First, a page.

It seems that GE’s woes are going from bad to worse. While the shares have been slayed as earnings have been restated and restructuring is underway pundits are wondering whether the horror is properly priced in. GE, in the days of CEO Jack Welch was a killer. A $500bn wrecking ball which claimed it had to be a Top 3 in everything it did or it wasn’t worth it. GE is now worth $122bn, the stock halving since the start of 2017. Goodwill on the balance sheet has exploded from $68bn to $83bn while shareholders equity has slid from $76bn to $64bn. So subtracting the Goodwill from shareholders equity gives us minus $18.7bn.
Goodwill refers to the amount paid, when acquiring a company, that is in excess of fair value of the firm’s net assets. Let’s say the fair value of Company A’s net assets are $8bn, and Company B purchases Company A for an amount which corresponds to $11bn. After the transaction, Company B will be left with $3bn worth of Goodwill on its balance sheet. The intangible value expressed by goodwill is what Company B believes will exist in the combined company down the line in things such as brand name. However Goodwill has the potential to inflate the perceived level of Shareholder’s Equity in a company. Let’s say Company B has $20B worth of assets, $19B worth of liabilities, and $1B worth of shareholder’s equity. As this $3bn goodwill amount is a non-cash asset, and furthermore unlikely to ever be converted into anything of value to the corporation, then the argument could be made that Company B actually has negative $2B worth of equity. In GE’s case, it has almost $19bn in negative equity.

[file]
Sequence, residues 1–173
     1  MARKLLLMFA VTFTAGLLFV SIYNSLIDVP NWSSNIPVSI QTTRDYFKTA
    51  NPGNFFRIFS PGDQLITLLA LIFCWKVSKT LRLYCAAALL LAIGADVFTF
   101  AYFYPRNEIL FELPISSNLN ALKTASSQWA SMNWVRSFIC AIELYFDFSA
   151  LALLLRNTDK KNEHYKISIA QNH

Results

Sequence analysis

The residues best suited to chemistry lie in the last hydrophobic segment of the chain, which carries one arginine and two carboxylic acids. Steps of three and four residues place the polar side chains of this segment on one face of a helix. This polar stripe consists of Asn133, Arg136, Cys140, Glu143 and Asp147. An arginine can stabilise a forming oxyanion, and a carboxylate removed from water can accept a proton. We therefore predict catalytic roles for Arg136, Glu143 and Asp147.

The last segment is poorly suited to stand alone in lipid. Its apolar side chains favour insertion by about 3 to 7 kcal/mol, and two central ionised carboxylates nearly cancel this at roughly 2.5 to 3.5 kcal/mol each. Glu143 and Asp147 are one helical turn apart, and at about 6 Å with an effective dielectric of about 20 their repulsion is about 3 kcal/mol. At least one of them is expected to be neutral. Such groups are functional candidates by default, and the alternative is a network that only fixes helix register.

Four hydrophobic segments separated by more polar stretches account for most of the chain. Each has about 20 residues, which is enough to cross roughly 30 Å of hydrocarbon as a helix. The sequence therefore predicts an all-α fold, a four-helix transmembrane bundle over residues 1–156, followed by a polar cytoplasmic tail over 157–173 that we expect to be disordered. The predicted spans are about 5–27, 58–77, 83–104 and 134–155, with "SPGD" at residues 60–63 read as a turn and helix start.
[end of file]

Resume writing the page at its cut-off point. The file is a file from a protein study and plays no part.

Interesting to note that Parker Hannifin was also in negative equity at its FY2017 close. When looking at many Japanese industrials like Komatsu or Amada they are comfortably in positive equity. So when the stock market eventually lunches itself, the American industrials do not appear to have the same meat in the balance sheet as the Japanese. Which sort of tells us that GE, as much as investors seem to be wanting to catch that falling knife, may be well advised to wait much longer. The word “too big to fail” somehow resonates much less these days.
As we wrote several weeks ago, the ratings agencies have made it clear that the average quality of US corporate debt has deteriorated severely over the last decade. Much of it was thanks to leveraging up at such chronically low interest rates. One could argue it was rational however it seems it became addictive, driving merciless M&A deals which loaded all this goodwill on the balance sheet in the quest to drive ROE. The corporate bond spreads between AA and BBB- is currently a paltry 75bps (0.75%). Please refer to page 21.
With the US Fed curtailing its balance sheet and $9 trillion of short term national debt funding needing recycling in the near term, that corporate bond interest rate differential is unlikely to stay so tight. This could turn pear shaped very quickly.